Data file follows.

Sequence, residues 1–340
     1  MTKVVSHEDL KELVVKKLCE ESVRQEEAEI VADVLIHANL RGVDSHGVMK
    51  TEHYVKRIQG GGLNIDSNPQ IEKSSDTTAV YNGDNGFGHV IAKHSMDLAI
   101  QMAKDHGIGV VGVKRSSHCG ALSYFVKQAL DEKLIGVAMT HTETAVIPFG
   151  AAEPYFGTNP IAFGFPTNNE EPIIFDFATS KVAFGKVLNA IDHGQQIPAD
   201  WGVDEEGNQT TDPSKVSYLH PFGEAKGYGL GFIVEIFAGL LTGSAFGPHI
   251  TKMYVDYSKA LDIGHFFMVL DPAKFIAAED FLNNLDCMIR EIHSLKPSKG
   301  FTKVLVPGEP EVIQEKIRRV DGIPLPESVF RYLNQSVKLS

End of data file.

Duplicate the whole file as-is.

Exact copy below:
Sequence, residues 1–340
     1  MTKVVSHEDL KELVVKKLCE ESVRQEEAEI VADVLIHANL RGVDSHGVMK
    51  TEHYVKRIQG GGLNIDSNPQ IEKSSDTTAV YNGDNGFGHV IAKHSMDLAI
   101  QMAKDHGIGV VGVKRSSHCG ALSYFVKQAL DEKLIGVAMT HTETAVIPFG
   151  AAEPYFGTNP IAFGFPTNNE EPIIFDFATS KVAFGKVLNA IDHGQQIPAD
   201  WGVDEEGNQT TDPSKVSYLH PFGEAKGYGL GFIVEIFAGL LTGSAFGPHI
   251  TKMYVDYSKA LDIGHFFMVL DPAKFIAAED FLNNLDCMIR EIHSLKPSKG
   301  FTKVLVPGEP EVIQEKIRRV DGIPLPESVF RYLNQSVKLS